Review of UNEQUAL FORTUNES: Snapshots from the South Bronx
Snapshots from the South Bronx
By Arthur Levine and Laura Scheiber
Published by Teachers College Press, New York. 2010: 170 pp.
By Merri Rosenberg
Many of us (especially, I suspect, those of us who grew up in the somewhat grittier neighborhoods of New York City), are tempted to return to our childhood homes to see what’s remained the same, what’s changed, and measure the distance we’ve traveled.
Arthur Levine, former president of Teachers College, did just that. Working with Laura Scheiber, a Ph.D. student at Teachers College, the two of them returned to Levine’s apartment building and block in the South Bronx to understand how the neighborhood of his childhood and teenage years enabled him to achieve his version of the American Dream — and how, in the 40 years since he lived there, it failed so miserably for the young residents living there now.
When Levine grew up in the South Bronx, mostly among the offspring of other Jewish immigrants and Catholics, there was a clear sense that education offered the best way to escape poverty and deprivation and land squarely in the middle class. As he writes, “The few Jewish kids who failed to complete high school or attend college were known to everyone. … The parents of these children were universally pitied.” Further, he explains, “Despite the differences among the people living on Creston Avenue, there was at least one fundamental commonality — a belief in the power of education and a commitment to the American Dream.”
For Levine, who went on to the Bronx High School of Science, Brandeis, and graduate school, education was the foundation of his success, and his career. Currently president of the Woodrow Wilson National Fellowship Foundation, Levine has also taught on the faculty of the Harvard Graduate School of Education, been president of Bradford College and a senior fellow at the Carnegie Council on Policy Studies in Higher Education and Carnegie Foundation for the Advancement of Teaching. The power of education to transform people’s lives is a bedrock belief for Levine.
Unfortunately, the South Bronx “village” that nurtured Levine and his friends and propelled them onwards and upwards into the American middle class had vanished by the time the young men that Levine and Scheiber profile in this book emerge on the scene. What had been an aspirational, working-class (or even lower-middle-class) neighborhood in Levine’s day had become a symbol as the residence of a permanent underclass.
When Levine was a child, only 6 percent of the children in his neighborhood lived in single-parent families. For the Dominican young men — Leonel Disla, Juan Carlos Reyes and Carlos Pilarte — whose stories contrast so sharply with Levine, 46 percent of the households in their South Bronx “village” were headed by single women. In Levine’s era, doctors, dentists, accountants and schoolteachers also lived in the community, serving as unofficial mentors and role models. For these Dominican young men, their streets were absent of any role models aside from gang members or drug dealers. It’s a world of no jobs, no ambitions, and no sense of a future that could in any way be different from an intolerable present. Social mobility is stunted.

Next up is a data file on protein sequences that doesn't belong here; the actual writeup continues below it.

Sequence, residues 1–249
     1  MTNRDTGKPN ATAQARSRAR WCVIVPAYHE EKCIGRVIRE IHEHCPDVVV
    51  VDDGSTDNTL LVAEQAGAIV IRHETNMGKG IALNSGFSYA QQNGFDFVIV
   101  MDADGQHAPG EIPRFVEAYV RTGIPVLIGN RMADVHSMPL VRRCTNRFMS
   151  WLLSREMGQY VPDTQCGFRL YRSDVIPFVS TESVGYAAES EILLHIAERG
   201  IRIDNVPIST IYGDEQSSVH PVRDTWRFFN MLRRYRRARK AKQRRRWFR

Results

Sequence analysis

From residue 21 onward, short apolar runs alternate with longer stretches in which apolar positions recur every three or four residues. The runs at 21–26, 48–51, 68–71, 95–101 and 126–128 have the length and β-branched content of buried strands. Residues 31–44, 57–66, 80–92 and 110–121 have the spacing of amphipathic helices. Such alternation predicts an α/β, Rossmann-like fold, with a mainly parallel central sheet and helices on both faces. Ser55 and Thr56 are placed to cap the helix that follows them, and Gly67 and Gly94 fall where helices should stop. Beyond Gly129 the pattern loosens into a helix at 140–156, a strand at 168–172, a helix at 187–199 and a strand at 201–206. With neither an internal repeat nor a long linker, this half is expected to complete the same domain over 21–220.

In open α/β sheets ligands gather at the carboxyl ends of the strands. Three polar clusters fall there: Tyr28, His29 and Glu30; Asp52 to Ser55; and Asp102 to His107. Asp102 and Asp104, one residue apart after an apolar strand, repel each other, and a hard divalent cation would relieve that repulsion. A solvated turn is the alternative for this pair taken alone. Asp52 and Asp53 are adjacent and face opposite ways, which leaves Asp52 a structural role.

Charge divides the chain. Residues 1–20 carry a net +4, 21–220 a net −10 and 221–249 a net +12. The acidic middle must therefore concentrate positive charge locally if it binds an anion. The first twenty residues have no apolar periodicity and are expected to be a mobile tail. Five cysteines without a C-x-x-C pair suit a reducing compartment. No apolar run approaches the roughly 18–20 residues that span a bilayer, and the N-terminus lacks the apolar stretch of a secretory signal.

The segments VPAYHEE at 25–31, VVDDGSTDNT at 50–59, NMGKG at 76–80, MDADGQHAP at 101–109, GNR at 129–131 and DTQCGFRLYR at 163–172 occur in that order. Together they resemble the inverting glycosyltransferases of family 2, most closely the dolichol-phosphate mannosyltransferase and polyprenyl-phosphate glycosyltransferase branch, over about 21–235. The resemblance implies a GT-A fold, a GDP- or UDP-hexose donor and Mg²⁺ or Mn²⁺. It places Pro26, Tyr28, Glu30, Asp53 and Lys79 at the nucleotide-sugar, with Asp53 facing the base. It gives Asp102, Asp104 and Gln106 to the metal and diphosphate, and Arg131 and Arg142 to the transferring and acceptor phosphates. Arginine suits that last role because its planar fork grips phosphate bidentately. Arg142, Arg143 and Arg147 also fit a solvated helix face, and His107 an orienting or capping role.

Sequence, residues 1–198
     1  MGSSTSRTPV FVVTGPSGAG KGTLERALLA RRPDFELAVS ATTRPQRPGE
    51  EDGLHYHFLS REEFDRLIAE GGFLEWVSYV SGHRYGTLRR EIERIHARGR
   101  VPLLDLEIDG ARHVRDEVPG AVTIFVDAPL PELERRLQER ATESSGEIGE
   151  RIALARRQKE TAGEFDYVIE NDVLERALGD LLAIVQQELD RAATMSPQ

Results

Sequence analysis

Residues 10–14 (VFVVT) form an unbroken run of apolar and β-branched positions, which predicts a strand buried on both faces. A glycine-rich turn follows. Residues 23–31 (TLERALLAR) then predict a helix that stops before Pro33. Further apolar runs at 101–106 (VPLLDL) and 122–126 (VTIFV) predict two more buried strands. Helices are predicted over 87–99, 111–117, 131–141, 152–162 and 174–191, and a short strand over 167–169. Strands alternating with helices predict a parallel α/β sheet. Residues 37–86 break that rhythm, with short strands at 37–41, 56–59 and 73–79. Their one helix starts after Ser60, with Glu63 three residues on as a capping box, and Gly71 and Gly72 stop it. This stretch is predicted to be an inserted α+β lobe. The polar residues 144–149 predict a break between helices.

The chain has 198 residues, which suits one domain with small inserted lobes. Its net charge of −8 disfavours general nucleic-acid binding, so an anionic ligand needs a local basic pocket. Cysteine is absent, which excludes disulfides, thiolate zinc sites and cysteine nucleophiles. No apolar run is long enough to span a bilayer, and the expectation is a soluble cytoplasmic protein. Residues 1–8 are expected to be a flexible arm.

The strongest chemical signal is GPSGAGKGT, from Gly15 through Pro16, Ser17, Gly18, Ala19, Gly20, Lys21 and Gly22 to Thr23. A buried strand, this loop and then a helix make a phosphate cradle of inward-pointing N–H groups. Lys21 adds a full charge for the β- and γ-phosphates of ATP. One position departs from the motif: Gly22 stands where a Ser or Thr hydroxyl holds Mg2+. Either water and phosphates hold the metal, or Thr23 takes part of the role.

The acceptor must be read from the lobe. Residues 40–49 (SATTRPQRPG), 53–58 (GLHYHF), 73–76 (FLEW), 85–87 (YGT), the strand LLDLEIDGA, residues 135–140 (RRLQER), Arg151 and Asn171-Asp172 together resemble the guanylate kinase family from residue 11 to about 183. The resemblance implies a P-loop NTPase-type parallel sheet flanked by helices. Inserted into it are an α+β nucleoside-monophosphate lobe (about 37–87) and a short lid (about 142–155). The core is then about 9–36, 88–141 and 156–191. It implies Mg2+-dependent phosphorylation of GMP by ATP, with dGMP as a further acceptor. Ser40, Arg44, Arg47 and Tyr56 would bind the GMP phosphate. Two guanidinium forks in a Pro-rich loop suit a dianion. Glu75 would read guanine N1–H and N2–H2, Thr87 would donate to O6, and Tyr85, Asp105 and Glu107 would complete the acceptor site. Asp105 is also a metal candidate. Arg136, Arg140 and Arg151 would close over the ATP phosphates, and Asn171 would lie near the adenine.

For Leo, whose tragic story is the counterpoint to Levine’s, the bleak narrative of poor schooling (not helped by attending four schools in as many years), a lack of adult guidance and role models, and an inability to see school as anything other than a boring warehouse, predictably leads to what one would expect: gang involvement, dangerous encounters with the police, and premature sexual relationships that trap both parties.
In this South Bronx, which is isolated linguistically, racially, economically and educationally, Levine and Scheiber observe that “what would still be missing from the boys’ lives is the belief Arthur and his friends shared that all things were possible and they had in their hands the means to achieve them.”
Despite the mostly grim narrative that Leo’s story exemplifies, there are glimmers of hope. Both Juan Carlos and Carlos manage to find a way out of the South Bronx to a larger world. The essential question for Levine and Scheiber is how to provide similar experiences and opportunities for more youngsters to emulate Juan Carlos and Carlos.
This is a compelling and worthwhile book, especially for those who teach in inner-city schools. #